Hospital bed

Starting with hospital reform will make things worse

By: Ben Gowland CEO NHS Nene Clinical Commissioning Group @ccginsider
Published: Monday, January 19, 2015 - 01:58 GMT Jump to Comments

Efforts to transform the NHS will fail if we heed the Dalton Review and put all our effort into changing hospitals, instead of focussing on the needs of the whole system

The Dalton Review, published just before Christmas and tinkered with in January has developed a set of proposals that will reform the hospital landscape within the NHS.  The new models include ‘multi-service chains’, where you would have chains of (for example) Guy’s and St Thomas’ Hospitals up and down the country, and ‘service-level chains’ where you would have single specialties such as cancer services delivered by one provider within other organisations, for example Christie Cancer Services in Barnsley or Christie Cancer Services in Watford.

As well as outlining the different organisational forms, the report explains how successful organisations can take over failing organisations to make them successful as well.  The way this is going to work is that there will be a ‘credentialing’ process, whereby those capable of spreading their success will be authorised to do so.  They will gain a kite mark which will mean we can all be confident that those taking over other organisations will do so successfully.

Credentialing aside, the main problem with the report is that it is only talking about the future of hospitals.  The majority of options are only really open to hospitals.  Even the description of an Integrated Care Organisation as a potential model places hospitals firmly at the centre.  Meanwhile the startling omission from the document is that it does not even mention general practice. 

This means we have the 5 Year Forward View that describes new organisations built around general practice, while this report only describes new organisational forms for hospitals without presenting any explanation or apology for this dissonance.  Any neutral observer of the NHS would say that the biggest provider development need in the NHS today is in general practice. There are over 8,000 GP practices in the NHS run in the main as small, independent businesses, who in the face of an overwhelming recruitment crisis and soaring demand, are desperately trying to consolidate.  If the 5 year forward view is going to deliver, this is where the immediate focus of provider development needs to be.

The starting point for this review should have been how we transform the system, in the way outlined in the 5 Year Forward View.  But instead it is premised on making existing hospital providers sustainable.  Provider reform should not be an end in itself, but rather an enabler for system reform.  The token references to the five year forward view in this report are lost in the recommendations for immediate action and milestones and trajectories, that all look like a mini-industry waiting to happen.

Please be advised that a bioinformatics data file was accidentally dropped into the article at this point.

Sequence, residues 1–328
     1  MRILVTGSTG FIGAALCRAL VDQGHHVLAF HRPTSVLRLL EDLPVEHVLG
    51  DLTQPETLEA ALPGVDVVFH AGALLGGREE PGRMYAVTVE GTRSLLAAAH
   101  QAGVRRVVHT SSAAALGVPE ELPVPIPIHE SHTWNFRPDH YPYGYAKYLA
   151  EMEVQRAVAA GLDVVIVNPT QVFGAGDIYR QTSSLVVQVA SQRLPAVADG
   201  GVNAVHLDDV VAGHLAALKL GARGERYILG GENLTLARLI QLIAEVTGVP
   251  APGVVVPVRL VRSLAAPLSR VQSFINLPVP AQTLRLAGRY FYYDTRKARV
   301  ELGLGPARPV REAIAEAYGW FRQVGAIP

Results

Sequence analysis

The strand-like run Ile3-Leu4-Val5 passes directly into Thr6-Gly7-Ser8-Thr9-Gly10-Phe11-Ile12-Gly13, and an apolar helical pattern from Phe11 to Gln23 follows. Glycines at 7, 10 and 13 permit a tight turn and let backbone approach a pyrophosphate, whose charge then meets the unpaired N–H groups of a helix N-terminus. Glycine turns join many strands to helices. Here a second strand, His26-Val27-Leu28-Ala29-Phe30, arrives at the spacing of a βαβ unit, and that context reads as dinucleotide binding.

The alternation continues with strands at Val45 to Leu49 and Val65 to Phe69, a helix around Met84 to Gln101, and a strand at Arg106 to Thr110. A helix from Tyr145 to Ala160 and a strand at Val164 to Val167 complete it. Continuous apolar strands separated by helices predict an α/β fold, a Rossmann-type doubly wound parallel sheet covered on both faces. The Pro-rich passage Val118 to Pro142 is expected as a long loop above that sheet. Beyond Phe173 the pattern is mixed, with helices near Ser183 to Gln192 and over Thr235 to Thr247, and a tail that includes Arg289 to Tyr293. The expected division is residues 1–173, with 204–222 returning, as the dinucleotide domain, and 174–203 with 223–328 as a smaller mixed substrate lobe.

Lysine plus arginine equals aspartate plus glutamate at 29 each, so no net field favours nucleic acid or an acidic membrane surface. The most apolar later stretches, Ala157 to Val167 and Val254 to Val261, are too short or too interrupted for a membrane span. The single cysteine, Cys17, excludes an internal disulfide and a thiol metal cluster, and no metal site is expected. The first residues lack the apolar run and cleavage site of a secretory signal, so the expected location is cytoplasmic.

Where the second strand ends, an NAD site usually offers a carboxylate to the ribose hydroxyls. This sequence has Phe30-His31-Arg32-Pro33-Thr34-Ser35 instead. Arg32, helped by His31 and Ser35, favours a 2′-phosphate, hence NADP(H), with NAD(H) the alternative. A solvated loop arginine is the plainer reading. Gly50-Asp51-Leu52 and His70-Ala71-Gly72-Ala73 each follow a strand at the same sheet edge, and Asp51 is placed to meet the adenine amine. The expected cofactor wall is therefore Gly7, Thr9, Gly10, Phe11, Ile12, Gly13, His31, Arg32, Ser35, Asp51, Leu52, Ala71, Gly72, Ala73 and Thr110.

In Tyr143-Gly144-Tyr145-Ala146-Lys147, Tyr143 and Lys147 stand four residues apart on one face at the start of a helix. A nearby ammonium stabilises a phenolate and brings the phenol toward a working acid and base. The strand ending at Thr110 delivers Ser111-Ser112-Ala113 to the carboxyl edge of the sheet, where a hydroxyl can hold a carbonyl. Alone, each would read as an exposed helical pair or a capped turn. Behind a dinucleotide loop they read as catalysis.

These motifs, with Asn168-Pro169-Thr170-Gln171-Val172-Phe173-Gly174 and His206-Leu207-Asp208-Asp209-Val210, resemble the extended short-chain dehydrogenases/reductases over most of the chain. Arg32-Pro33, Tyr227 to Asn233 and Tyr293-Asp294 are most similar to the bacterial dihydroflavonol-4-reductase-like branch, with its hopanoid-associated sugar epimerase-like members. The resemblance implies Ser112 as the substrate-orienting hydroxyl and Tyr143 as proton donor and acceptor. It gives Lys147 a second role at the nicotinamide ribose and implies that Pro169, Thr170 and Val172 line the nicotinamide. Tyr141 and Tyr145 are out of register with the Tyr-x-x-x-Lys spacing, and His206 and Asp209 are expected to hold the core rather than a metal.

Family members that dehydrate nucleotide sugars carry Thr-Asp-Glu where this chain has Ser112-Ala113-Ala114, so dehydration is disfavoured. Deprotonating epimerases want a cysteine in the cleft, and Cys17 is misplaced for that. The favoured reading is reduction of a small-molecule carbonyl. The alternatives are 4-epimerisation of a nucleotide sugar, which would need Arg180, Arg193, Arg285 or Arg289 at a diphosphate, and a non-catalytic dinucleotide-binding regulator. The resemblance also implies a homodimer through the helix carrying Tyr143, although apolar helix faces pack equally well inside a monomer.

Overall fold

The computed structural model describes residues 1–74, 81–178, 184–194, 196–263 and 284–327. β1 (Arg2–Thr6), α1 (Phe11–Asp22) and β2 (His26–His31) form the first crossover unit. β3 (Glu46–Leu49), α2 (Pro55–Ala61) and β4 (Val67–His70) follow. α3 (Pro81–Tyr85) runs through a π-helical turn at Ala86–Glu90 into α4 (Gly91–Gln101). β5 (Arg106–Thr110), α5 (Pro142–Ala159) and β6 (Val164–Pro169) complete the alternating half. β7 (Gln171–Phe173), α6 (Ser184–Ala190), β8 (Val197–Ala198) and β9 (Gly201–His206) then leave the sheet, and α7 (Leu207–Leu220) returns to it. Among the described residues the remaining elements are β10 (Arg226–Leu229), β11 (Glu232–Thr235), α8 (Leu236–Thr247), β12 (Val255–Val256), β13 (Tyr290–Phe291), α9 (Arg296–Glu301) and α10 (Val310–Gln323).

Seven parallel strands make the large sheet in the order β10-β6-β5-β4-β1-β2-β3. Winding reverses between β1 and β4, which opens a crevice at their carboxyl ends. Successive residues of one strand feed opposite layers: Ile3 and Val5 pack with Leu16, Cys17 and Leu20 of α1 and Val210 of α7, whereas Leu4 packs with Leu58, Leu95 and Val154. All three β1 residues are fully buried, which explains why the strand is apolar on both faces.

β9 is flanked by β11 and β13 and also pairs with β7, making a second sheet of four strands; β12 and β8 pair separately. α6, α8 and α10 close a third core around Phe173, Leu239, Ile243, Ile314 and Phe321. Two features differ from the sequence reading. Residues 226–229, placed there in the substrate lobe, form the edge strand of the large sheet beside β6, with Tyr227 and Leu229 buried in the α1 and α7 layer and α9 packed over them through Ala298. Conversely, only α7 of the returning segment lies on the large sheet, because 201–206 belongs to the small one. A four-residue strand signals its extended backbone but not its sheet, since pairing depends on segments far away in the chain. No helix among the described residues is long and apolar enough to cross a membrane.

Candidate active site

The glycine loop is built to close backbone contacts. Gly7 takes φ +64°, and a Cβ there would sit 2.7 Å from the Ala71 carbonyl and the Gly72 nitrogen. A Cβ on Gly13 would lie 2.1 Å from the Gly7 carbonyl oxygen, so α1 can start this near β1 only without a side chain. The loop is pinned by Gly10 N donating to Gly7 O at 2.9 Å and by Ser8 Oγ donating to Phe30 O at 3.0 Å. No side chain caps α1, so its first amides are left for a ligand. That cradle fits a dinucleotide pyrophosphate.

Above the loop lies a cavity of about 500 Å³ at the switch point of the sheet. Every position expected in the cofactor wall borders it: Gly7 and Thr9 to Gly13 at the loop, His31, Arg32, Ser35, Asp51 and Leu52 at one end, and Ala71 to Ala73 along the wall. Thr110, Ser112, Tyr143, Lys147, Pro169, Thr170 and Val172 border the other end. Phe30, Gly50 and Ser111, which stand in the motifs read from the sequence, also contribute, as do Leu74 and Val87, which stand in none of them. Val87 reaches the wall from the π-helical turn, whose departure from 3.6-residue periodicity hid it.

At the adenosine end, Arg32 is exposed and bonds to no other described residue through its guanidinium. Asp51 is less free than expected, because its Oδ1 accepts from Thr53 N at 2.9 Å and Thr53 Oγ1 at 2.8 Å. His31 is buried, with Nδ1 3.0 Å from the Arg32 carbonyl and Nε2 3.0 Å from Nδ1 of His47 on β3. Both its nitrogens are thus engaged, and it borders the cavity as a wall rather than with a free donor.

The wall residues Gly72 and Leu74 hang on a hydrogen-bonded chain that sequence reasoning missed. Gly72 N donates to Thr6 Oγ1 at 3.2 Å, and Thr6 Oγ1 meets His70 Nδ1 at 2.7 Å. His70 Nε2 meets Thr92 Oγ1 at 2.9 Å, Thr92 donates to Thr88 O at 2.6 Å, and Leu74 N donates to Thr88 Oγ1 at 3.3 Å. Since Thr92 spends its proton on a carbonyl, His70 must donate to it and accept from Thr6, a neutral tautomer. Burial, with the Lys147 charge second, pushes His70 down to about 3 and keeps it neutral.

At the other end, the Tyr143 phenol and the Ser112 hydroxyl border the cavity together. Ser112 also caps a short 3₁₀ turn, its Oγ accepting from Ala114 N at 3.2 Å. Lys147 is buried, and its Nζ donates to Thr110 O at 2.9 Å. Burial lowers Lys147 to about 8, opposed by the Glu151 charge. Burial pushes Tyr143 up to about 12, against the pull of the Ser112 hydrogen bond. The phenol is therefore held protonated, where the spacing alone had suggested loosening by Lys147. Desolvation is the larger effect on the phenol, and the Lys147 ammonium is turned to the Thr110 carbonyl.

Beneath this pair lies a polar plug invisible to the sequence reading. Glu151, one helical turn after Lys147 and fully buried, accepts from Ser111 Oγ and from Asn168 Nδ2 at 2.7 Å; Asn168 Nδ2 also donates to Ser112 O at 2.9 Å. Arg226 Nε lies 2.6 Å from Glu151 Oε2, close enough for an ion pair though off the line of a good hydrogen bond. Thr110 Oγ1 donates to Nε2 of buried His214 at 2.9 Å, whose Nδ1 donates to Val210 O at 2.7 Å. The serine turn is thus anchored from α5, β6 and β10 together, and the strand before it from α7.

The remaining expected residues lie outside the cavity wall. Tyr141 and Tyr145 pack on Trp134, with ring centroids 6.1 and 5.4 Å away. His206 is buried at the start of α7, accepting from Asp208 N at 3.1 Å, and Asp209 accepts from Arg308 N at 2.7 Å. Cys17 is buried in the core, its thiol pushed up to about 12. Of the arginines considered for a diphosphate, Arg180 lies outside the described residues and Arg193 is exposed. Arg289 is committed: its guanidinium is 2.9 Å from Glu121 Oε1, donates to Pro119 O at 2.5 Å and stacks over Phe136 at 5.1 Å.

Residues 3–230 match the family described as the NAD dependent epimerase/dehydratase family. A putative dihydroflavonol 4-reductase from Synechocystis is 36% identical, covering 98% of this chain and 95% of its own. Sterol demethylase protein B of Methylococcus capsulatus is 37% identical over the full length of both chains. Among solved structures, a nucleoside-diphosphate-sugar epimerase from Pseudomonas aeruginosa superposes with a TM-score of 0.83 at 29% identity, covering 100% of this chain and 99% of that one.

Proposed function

There is no track record of hospital reform making things better.  A 2012 article in the Journal of Health Economics entitled ‘Can governments do it better? Merger mania and hospital outcomes in the English NHS’ showed that there were no productivity improvements in 102 out of 112 acute hospital mergers between 1997 and 2006, and that there was also some evidence of reductions in quality as a result of mergers.   As Candace Imison concluded in her introduction to the King’s Fund publication, ‘Future Organisational Models for the NHS’, the higher the degree of organisational change, the higher the risk that the benefits will not be delivered.  So if we want to deliver system reform in the next five years, wholesale organisational change of hospitals is not the place to start.

There is no doubt that hospitals need to change.  But the priority for the NHS must be to change the way our systems operate that will enable us to build care around the needs of patients, rather than around the organisations within it.  This report unfortunately misses this point, and sadly as a result is likely to focus efforts in a way that will hinder rather than help the delivery of real improvement in the NHS.

Ben Gowland and Joe Tibbetts discuss the Dalton Review in their weekly podcast RealityBites - The National Health and Care Conversation published in the Information Daily Tuesday 20th January

The views and opinions expressed in this article are those of the author(s) and do not necessarily reflect the official policy or position of The Information Daily, its parent company or any associated businesses.

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